Home > Demo Impressions, Gaming, PC Games, Steam > “Painkiller: Resurrection” Demo Impressions

“Painkiller: Resurrection” Demo Impressions

I have been playing the demos of all the Painkiller games on Steam lately. Why? They looked like the kind of games that focus just on having fun with ridiculous guns and swarms of enemies. And even though they do have some ridiculous guns and swarms of enemies, there were more than enough flaws in each of them to make me want to move on to the next demo. Still, I haven’t been motivated enough to write a demo impressions post on either the first or second mediocre Painkiller games. That’s about to change with Painkiller: Resurrection, a game that’s so bad I can’t help but speak out about it.

Honestly, it didn’t seem like it would be all that terrible at first. There is an opening cutscene for Resurrection, something that was completely absent in the other two demos. Instead of being fully animated, it’s just a bunch of comic book panels that appear as they are narrated. Sounds kind of boring, but the backstory it sets up is kind of interesting. An assassin dies trying to save innocent people but gets sent to Hell… the cutscene takes its time delivering this simple plot, but it stays surprisingly engaging throughout. Once it was finished, I immediately noticed the level selection screen and loading screen were exactly like the other two games. (Really? Is it that hard to change things up a bit?) Unlike the other Painkiller demos, however, this loading screen lasted a ridiculous amount of time. The game finally loaded, and as I began to play I found more similarities between this Painkiller and the other ones. The only weapon I had was the weapon I started off with in the other two demos – a close-range spinning blade type of thing. Also unchanged was the HUD – the arrow at the top pointing to my next goal… the health and ammo count… the laziness of the developers showed through more and more.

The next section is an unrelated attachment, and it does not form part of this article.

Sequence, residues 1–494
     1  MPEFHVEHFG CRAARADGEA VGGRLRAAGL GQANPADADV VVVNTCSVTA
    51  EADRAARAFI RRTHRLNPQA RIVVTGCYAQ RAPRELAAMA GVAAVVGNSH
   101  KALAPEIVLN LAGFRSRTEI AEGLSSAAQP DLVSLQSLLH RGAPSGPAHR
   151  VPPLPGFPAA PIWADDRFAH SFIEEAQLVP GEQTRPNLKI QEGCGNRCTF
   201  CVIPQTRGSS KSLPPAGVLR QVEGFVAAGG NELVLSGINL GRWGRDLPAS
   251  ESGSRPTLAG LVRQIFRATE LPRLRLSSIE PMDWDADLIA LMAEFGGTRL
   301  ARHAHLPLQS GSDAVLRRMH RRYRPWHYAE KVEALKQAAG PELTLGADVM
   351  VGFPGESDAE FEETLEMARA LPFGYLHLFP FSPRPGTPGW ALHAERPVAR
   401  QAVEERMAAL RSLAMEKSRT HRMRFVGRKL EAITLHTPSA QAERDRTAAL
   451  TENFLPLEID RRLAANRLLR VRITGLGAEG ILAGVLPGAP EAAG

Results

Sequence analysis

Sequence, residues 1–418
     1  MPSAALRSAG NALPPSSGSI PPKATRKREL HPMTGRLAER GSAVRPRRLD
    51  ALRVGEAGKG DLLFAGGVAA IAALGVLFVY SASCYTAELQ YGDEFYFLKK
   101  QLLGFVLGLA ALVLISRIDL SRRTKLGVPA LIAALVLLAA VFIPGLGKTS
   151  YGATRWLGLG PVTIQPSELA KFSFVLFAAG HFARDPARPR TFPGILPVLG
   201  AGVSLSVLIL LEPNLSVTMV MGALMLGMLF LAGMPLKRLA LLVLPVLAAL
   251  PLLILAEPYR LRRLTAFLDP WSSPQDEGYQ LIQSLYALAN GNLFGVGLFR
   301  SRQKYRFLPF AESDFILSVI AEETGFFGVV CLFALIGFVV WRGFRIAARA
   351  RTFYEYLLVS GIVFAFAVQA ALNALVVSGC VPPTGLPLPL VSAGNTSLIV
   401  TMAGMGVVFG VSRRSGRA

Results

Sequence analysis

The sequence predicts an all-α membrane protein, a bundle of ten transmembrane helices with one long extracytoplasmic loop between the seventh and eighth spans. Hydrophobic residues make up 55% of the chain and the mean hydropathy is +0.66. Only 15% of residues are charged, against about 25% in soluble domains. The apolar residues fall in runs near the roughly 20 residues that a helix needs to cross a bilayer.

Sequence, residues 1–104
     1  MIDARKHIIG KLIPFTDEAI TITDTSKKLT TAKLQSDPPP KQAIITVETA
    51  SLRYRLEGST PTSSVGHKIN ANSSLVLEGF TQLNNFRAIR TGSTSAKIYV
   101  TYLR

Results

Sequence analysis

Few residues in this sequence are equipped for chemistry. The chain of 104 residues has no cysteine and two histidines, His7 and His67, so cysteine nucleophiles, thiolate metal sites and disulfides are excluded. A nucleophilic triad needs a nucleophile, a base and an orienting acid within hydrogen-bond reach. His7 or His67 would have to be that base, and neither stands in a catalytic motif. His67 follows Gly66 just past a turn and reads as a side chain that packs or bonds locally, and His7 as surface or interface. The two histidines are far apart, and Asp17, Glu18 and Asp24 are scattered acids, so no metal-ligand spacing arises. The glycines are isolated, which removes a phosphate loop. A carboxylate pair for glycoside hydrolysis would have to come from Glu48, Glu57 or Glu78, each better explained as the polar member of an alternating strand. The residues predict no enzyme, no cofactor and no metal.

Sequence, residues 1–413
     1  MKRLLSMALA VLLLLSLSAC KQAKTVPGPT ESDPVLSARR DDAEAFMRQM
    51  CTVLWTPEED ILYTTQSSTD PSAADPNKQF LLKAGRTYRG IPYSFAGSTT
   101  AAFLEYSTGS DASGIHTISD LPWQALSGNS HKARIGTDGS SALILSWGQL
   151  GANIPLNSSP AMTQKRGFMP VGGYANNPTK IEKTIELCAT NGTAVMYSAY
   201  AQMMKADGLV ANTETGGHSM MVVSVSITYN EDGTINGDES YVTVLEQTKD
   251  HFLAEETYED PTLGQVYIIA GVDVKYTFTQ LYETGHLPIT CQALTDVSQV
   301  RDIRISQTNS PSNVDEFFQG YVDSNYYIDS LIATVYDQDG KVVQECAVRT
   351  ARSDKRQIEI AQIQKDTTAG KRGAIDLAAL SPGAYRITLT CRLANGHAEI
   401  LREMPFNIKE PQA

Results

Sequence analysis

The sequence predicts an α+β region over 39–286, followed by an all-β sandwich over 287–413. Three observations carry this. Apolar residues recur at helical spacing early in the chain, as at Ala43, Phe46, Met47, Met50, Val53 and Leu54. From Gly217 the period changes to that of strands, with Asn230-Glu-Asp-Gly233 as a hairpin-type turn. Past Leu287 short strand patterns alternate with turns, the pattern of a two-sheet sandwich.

Find it hard to tell what’s happening with all these view-obstructing objects? Welcome to Painkiller: Resurrection.

But the most disappointing signs of neglect were yet to come. Let’s start with the environment: the cutscene tells me the main character is in Hell for all the murders that he committed during his life, but he starts the game off in a cathedral. A mysterious voice tells him that he can earn his salvation if he proves himself worthy… by doing more killing. So, the way to earn forgiveness for murder is to murder even more than you did before, in more brutal ways than before (I doubt the protagonist brought a spinning blade to his enemies’ faces while he was alive)? I get that you have to kill demons and such, but still… it all seems a bit inconsistent.